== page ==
@samfiorella I enjoy reading the content on the 12 Most blog. Will read this after the chat. #profschat


"Don't over-automate" is great. And adding an editorial point of view via insights and analysis is crucial if you want readers to connect.

PaulBiedermann moderator

Very thorough post, Sam. All great points and something the corporate blogging world can really benefit from.

I think your main point that a curated blog should not be looked upon as a shortcut is very important, as I would guess that is the all-too frequent reason that many companies would go that route. Anything of quality takes time, and it always comes down to strategy, knowing your audience and delivering useful, purposeful content.


I'm on the growth curve with this one, Sam. I curate content not only for my own feeds but for Mantis Pulse and a professional organization called RMIMA. I have a decent amount of duplication between the Twitter Feed and Fan Pages. I try my best to curate entirely different content across the identities unless I truly think it is relevant to all of the followers.

At some point perhaps I'll be ready to look into the customized RSS feeds. Right now, the subject area is pretty narrow.


Hi there Sam,

#4 and #6 resonate with particular strength in my mind. As I work on the Blog Library, I envision (as an optimist) that people will look at it at least a year down the road. It's why I try to collect posts people are writing about things going on in the now, whether it's the launch of G+ or the Occupy Wall Street movement. Someday, people may want to know what folks like us were saying about that stuff. This flies directly in the face of the idea that blog content should be evergreen.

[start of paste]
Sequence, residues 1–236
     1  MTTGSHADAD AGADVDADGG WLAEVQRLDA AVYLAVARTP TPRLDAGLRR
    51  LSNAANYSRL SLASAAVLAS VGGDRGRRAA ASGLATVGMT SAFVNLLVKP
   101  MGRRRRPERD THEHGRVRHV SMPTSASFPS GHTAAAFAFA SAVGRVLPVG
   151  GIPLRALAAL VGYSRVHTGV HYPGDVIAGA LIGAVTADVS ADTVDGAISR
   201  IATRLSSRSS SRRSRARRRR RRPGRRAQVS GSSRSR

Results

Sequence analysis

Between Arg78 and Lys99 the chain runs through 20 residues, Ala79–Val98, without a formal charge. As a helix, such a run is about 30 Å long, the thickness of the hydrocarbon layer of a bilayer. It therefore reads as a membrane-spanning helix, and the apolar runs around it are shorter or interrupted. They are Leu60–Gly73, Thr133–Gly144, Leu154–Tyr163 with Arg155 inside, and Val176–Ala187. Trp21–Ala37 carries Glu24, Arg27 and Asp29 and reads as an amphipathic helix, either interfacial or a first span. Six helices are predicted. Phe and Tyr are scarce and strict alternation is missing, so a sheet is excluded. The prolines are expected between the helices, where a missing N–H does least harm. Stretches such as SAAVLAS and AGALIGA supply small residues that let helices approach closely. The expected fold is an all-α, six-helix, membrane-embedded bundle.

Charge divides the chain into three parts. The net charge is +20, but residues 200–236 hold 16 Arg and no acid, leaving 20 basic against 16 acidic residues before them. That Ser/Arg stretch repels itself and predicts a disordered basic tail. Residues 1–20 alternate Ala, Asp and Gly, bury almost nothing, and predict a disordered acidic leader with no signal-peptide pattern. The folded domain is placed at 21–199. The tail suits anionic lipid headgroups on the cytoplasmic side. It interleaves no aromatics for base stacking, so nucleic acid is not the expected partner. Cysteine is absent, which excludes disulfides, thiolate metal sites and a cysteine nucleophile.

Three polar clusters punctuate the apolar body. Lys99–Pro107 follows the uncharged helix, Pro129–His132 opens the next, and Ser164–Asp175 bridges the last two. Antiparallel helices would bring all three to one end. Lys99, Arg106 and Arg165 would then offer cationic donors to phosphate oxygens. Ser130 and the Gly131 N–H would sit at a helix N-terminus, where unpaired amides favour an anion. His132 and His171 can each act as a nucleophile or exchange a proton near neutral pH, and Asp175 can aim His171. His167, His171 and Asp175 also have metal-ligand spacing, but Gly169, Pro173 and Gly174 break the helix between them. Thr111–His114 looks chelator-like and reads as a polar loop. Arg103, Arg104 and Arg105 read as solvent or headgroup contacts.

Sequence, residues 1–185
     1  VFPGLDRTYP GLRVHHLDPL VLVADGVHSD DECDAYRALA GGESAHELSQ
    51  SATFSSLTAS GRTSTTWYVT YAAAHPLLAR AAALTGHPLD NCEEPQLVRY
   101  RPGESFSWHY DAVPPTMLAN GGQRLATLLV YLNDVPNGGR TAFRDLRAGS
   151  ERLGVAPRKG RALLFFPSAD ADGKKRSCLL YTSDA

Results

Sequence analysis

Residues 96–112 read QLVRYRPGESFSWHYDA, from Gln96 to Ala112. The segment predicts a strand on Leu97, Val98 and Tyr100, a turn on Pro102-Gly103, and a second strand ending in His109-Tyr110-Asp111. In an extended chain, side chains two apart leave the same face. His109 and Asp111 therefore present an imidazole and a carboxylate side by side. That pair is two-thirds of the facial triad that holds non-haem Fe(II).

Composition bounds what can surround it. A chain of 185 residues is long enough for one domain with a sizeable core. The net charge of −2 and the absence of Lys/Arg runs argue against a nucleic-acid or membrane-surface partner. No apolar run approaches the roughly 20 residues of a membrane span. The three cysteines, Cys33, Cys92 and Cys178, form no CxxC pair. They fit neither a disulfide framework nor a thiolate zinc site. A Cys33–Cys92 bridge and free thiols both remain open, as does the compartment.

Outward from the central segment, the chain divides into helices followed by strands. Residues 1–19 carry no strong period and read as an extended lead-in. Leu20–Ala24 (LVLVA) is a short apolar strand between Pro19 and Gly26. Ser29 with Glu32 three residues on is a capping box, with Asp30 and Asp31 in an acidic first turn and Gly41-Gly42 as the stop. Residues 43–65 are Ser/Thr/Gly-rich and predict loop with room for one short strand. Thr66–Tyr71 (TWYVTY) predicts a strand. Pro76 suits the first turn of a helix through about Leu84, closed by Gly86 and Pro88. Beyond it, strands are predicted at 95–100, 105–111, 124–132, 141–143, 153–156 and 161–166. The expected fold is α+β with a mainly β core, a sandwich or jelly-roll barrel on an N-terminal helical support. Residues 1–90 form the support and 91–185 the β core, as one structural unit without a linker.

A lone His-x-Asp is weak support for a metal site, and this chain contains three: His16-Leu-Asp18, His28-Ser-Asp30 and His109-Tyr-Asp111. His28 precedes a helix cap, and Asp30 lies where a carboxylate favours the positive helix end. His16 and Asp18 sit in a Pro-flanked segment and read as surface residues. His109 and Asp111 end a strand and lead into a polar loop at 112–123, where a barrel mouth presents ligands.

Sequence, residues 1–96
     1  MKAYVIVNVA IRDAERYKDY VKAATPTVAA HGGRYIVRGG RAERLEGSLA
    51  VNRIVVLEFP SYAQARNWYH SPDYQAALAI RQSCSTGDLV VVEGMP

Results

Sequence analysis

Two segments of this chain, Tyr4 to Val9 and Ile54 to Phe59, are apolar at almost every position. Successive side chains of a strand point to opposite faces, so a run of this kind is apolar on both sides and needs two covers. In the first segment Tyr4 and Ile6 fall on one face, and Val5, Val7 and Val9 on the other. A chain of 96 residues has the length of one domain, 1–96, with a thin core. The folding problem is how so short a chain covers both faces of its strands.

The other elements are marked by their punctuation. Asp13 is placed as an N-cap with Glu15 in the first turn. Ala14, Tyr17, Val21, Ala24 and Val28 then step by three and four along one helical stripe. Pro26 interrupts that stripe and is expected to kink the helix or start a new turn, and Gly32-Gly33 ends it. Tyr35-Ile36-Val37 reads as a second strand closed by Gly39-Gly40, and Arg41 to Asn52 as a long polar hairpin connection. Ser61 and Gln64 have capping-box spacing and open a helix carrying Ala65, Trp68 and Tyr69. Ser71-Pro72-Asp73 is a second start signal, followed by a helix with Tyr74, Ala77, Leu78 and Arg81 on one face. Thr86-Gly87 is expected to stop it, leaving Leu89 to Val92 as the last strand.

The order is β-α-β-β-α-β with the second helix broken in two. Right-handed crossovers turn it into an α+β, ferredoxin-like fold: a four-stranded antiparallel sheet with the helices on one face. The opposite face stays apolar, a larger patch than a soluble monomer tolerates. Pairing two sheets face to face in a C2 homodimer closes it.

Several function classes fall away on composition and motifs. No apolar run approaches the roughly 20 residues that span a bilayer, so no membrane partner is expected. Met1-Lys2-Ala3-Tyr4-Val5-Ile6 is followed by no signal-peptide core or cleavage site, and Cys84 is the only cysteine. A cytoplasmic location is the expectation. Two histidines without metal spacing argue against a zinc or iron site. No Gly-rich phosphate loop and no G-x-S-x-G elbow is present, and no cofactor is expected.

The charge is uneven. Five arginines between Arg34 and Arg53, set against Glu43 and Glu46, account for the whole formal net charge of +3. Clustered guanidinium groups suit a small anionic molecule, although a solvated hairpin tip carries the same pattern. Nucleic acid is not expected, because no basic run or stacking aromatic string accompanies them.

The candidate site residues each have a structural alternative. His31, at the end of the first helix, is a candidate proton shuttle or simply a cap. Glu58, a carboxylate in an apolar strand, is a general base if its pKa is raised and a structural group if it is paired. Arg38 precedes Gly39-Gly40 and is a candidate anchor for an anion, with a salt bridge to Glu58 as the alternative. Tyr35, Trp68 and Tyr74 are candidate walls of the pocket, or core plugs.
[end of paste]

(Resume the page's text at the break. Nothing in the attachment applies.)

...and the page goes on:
Extending the network is also important, not just for your reading demographic but also for the content you pull in. If you curate just posts from the top ten AdWeek Bloggers, you'll only get so much variety. I like to spice it up!

Great post :)



Excellent post as usual. Couldn't agree more with you and specifically #8 and #9. I'm currently testing out a nice piece of content curation software.... sort of an uber RSS reader. Jury is still out -- would love to hear your thoughts on the demo site http://www.InsightAndInformation.com

As I'm building out the site I'm finding that the biggest challenge is selectivity. There is just so much junk being published these days that finding the time to wade through it all and bring the really good stuff to the front is killing me.

Do you have any suggestions for ways to improve that end of the job?



@PaulBiedermann Exactly. This applies to email newletters too! Curation is often seen as simpler (not) or that it provides more value (doesn't unless you infuse point of view and insights into the selection and sharing).


@dbvickery Question: have you/do you allow your readers to choose the content filters?


@margieclayman Yes, variety is good, important even... but for a corporate blog, we need to consider a consistent point of view across that variety. Thanks for commenting (LOVE The Blog Library BTW)


@TomMartin@tommartin Not sure there's a magic bullet for this, other than hiring people to be your editors. What I've done in the past is work with monitoring software @alteriansm2 and created many seraches with advanced filters including sentiment. And then worked the filters to continuously weed out works, phrases, bloggers, etc that slipped through.

In the end curated content must always represent your POV (IMO) so you always have to read/digest the content - but this helped reduce the amount I had to read. good luck.


@samfiorella Not yet, no. My blog focuses on sports and how it would tie to social media, marketing, sometimes leadership. So a pretty narrow focus


@samfiorella@alteriansm2 yes, getting the "feed" very, very clean and tight is key... and then having a mechanism to quickly, and easily get that curation posted on a corp blog is a close second. Part technology and part human solution... great stuff buddy.